“Room 237″ opens Friday at Sundance Cinemas. Not rated, 1:38, 3.5 stars out of 4
You know when “Room 237” starts getting really scary? When the people in the film start making sense.
Rodney Ascher’s playful and engrossing documentary looks at another film, Stanley Kubrick’s “The Shining,” through the perspectives of five absolutely obsessed fans. And I don’t mean obsessed as in “watches it every Thanksgiving” or “has the poster framed in their rec room.” I mean obsessed as in doing frame-by-frame analyses of the film, looking for hidden objects, continuity errors and other Easter Eggs they believe Kubrick left there to support their theories.
One critic insists that “The Shining” is really Kubrick’s veiled confession that he was involved in faking the footage of the Apollo moon landing. Why else would the sign “Room N. 237” be so prominent in one shot, if it wasn’t an anagram of “moon”? (Plus an ‘R”, I grant you.) Another sees cans of food in the hotel kitchen bearing the likeness of a Native American chief, a clue that Kubrick has really made a movie about the betrayal of Native Americans.
A repeated phrase throughout the film is a variation on “Most people wouldn’t catch this, but . . .” and goes on to make some connection that absolutely nobody would see (such as, supposedly, Kubrick’s face superimposed in the clouds during the opening credits). The obsessives always assume that they have some secret connection to the film that allows them to see what’s really going on. An interest in Holocaust history, for example, makes one uniquely qualified to see the Holocaust references in the film, such as a German typewriter. The thought never occurs to them that they are imposing their own interpretations onto the film. If these are conspiracy theories, it’s a conspiracy of two people — Kubrick and the “enlightened” obsessive.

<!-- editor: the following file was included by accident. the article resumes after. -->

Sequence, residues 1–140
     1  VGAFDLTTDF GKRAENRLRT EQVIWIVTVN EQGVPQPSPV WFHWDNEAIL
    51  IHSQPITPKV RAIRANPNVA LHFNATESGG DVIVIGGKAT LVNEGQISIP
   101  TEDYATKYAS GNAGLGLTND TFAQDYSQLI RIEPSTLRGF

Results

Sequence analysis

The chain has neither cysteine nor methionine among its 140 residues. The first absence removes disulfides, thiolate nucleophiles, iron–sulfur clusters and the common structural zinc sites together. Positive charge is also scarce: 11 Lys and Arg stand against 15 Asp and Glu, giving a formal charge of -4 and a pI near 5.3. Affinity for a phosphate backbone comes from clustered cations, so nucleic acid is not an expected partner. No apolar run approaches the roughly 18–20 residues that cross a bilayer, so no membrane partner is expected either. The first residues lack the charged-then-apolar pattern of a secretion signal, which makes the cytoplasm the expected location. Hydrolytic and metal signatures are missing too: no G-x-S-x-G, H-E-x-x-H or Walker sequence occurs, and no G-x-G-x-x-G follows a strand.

We never see these theorizers; instead, we hear their voices throughout the film, which visually is made entirely of clips from “The Shining” and occasionally other movies. Fitting, of course, because these obsessives can’t see beyond the frame of the film. As one puts it late in the movie, they’re as trapped in the Overlook Hotel as much as Jack Torrance, doomed to roam around and around its halls, looking for patterns, looking for answers. When another fan talks about playing “The Shining” simultaneously backwards and forwards, one image imposed upon the other, it’s a perfect visual metaphor, turning the film into an endless Moebius strip to get lost in, with no entrances and no exits.
But then somebody actually makes a good point, and it jars you. For example, one woman points out that, in the scene where Jack is talking to the hotel manager in his office, bright sunlight is pouring through the window. However, if you examine the layout of the hotel, that office should be right in the center of the building, with no access to an outside window. So we may scoff at these outlandish theories, but a healthy dose of respect should go along with that; they may be seeing a lot that isn’t there, but they’re seeing some things that are, too.
So where is the light coming from? Was it a just a continuity goof-up, or was Kubrick making some sort of secret metaphor? Or, more likely, did he just think it looked right for the shot, and never a million years expected that diehard fans would be studying his film so closely?
Either way, “Room 237” is both kind of an affectionately cracked ode to filmophilia as well as a warning sign as to its perils. And it’s also the greatest recommendation ever to go watch “The Shining” again.